Pyongyang was the provincial capital of Pyeongan province until 1946.[14] Therefore, Pyongyang cuisine shares with the general culinary tradition of the Pyeongan province. The most famous local food is Pyongyang naengmyeon, or also called mul naengmyeon or just simply naengmyeon. Naengmyeon literally means "cold noodles", while the affix, mul, refers to "water" because the dish is served in a cold broth. Naengmyeon consists of thin and chewy buckwheat noodles in a cold meat broth, and dongchimi (watery kimchi) and topped with a slice of sweet Korean pear. Pyongyang naengmyeon was originally eaten in homes built with ondol (traditional underfloor heating) during the cold winter, so it is also humorously called "Pyongyang deoldeori" (shivering in Pyongyang). Pyongyang locals sometimes enjoyed it as a haejangguk, which is any type of food eaten as a hangover cure, usually a warm soup.[15]

Another representative Pyongyang dish is Taedonggang sungeoguk, meaning "trout soup from the Taedong River". The soup is made with trout, which are abundant in the Taedong River, along with black peppercorns and salt.[16] It is served as a courtesy to important guests visiting Pyongyang. Therefore, the question, "How good was the trout soup?" is commonly used to greet people returning from Pyongyang. Another local specialty is Pyongyang onban (literally "warm rice of Pyongyang"). It is a dish made with freshly cooked rice topped with sliced mushrooms, chicken, and a couple of bindaetteok (pancakes made from ground mung beans and vegetables).[15]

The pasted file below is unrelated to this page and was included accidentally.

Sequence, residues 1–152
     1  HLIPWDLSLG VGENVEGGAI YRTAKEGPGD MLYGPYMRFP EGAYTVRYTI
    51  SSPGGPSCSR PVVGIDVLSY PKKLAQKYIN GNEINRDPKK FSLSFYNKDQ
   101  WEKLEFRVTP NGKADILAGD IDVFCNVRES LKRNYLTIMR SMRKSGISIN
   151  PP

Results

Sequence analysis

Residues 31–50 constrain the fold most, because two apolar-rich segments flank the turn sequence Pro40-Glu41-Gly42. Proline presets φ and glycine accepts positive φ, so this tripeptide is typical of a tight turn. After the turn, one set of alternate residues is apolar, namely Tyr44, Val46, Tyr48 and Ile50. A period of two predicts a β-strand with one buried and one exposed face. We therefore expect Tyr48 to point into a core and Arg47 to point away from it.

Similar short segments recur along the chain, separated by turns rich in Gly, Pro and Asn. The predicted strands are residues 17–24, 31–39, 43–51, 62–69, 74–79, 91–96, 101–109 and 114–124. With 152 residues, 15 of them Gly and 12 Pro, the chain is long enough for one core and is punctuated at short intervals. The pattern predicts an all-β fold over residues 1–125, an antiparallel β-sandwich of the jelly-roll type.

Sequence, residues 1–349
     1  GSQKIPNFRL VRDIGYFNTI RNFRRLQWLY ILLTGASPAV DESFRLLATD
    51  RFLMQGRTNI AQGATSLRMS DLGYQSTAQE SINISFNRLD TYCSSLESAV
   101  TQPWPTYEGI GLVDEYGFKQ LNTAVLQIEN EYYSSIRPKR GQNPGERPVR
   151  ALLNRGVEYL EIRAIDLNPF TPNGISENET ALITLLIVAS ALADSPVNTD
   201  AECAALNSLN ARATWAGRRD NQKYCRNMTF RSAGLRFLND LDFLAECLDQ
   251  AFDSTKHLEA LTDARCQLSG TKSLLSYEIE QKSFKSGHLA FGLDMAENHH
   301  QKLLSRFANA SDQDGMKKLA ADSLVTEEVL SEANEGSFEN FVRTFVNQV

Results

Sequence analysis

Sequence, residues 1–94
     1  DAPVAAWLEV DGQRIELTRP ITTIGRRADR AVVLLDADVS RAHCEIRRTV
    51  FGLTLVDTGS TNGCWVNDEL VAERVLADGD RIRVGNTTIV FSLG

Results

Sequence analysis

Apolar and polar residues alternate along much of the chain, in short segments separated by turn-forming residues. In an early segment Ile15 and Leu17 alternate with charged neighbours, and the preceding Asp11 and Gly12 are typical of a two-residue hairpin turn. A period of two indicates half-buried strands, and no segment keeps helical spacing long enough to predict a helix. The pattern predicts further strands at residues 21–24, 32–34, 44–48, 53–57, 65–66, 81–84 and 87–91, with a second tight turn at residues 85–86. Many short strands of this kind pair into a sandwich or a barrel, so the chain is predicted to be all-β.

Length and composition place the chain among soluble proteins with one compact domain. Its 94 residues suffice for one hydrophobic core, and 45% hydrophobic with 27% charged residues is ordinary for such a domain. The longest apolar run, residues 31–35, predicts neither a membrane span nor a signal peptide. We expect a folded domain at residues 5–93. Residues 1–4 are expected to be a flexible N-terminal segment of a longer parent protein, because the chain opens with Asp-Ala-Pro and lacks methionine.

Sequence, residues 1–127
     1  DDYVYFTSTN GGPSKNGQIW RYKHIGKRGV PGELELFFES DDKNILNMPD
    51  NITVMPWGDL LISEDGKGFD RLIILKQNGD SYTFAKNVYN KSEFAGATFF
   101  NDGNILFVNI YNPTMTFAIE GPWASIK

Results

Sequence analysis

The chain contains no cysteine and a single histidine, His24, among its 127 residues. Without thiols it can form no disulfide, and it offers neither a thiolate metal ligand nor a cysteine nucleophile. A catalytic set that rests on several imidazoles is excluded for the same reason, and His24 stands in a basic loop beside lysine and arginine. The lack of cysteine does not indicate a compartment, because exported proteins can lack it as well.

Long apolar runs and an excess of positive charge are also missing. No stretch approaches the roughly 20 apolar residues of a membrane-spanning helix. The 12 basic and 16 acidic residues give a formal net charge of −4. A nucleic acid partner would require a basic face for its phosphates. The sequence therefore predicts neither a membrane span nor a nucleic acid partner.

Famous restaurants in the city include Okryugwan and Ch'ongryugwan.[17]


There are several sports clubs in Pyongyang, including the April 25 Sports Club, and the Pyongyang City Sports Club. The most popular sport in Pyongyang is Association football.


Pyongyang metro station
Pyongyang Tram car - Be 4/4

Domestic trains

Pyongyang Station serves the main railway lines, including the Pyongui Line and the Pyongbu Line.

International trains

The city also has regular international rail services to Beijing and Moscow. A journey to Beijing takes about 25 hours and 25 minutes (K27 from Beijing/K28 from Pyongyang, on Mondays, Wednesdays, Thursdays and Saturdays); a journey to Moscow takes 6 days. The city also connects to the Eurasian Land Bridge via the Trans-Siberian Railway.

Metro and bus

The Pyongyang Metro is a two-line underground metro system which has a length of 22.5 km (14.0 mi). The Hyoksin line serves Kwangbok, Konguk, Hwanggumbol, Konsol, Hyoksin, Jonu, Jonsung, Samhung and Rakwon stations. The Chollima line serves Puhung, Yonggwang, Ponghwa, Sungni, Tongil, Kaeson, Jonu and Pulgunbyol stations.

There is also a 53 km (33 mi) long Pyongyang tram system and a 150 km (93 mi) Pyongyang trolleybus system. The trolley bus-stops are fairly busy. It is difficult to gauge how widely the metro is used, as tourists are permitted to travel only between designated stops with a guide.


There are few automobiles in the city, as cars are a symbol of status in the country due to their scarcity as a result of restrictions on import because of international sanctions and domestic regulations. Typically, only party bureaucrats drive automobiles.[2]


State-owned Air Koryo has scheduled flights from Sunan Capital International Airport to Beijing (PEK), Shenyang (SHE), Vladivostok (VVO), Moscow (SVO), Bangkok (BKK), Khabarovsk (KHV), Kuala Lumpur (KUL), Shanghai (PVG) and Kuwait City (KWI)